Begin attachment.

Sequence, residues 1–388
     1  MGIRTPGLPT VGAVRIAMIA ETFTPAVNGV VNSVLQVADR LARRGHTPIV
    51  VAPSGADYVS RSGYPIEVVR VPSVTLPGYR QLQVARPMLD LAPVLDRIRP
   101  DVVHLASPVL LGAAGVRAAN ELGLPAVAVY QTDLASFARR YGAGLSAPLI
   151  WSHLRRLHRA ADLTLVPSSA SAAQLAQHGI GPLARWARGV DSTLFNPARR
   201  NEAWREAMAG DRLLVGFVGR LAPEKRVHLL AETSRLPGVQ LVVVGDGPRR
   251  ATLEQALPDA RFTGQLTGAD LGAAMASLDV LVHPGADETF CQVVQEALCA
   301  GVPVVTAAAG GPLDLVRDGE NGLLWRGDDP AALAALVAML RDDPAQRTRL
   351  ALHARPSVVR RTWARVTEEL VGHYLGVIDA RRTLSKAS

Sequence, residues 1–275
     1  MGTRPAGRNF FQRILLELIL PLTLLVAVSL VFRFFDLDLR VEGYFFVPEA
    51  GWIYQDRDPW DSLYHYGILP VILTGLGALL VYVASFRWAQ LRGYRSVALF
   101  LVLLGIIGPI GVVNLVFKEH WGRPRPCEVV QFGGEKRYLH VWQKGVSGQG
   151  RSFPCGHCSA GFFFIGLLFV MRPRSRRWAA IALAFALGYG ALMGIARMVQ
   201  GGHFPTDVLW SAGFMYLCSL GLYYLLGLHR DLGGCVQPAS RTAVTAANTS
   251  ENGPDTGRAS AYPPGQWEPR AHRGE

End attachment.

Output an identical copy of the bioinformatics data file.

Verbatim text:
Sequence, residues 1–388
     1  MGIRTPGLPT VGAVRIAMIA ETFTPAVNGV VNSVLQVADR LARRGHTPIV
    51  VAPSGADYVS RSGYPIEVVR VPSVTLPGYR QLQVARPMLD LAPVLDRIRP
   101  DVVHLASPVL LGAAGVRAAN ELGLPAVAVY QTDLASFARR YGAGLSAPLI
   151  WSHLRRLHRA ADLTLVPSSA SAAQLAQHGI GPLARWARGV DSTLFNPARR
   201  NEAWREAMAG DRLLVGFVGR LAPEKRVHLL AETSRLPGVQ LVVVGDGPRR
   251  ATLEQALPDA RFTGQLTGAD LGAAMASLDV LVHPGADETF CQVVQEALCA
   301  GVPVVTAAAG GPLDLVRDGE NGLLWRGDDP AALAALVAML RDDPAQRTRL
   351  ALHARPSVVR RTWARVTEEL VGHYLGVIDA RRTLSKAS

Sequence, residues 1–275
     1  MGTRPAGRNF FQRILLELIL PLTLLVAVSL VFRFFDLDLR VEGYFFVPEA
    51  GWIYQDRDPW DSLYHYGILP VILTGLGALL VYVASFRWAQ LRGYRSVALF
   101  LVLLGIIGPI GVVNLVFKEH WGRPRPCEVV QFGGEKRYLH VWQKGVSGQG
   151  RSFPCGHCSA GFFFIGLLFV MRPRSRRWAA IALAFALGYG ALMGIARMVQ
   201  GGHFPTDVLW SAGFMYLCSL GLYYLLGLHR DLGGCVQPAS RTAVTAANTS
   251  ENGPDTGRAS AYPPGQWEPR AHRGE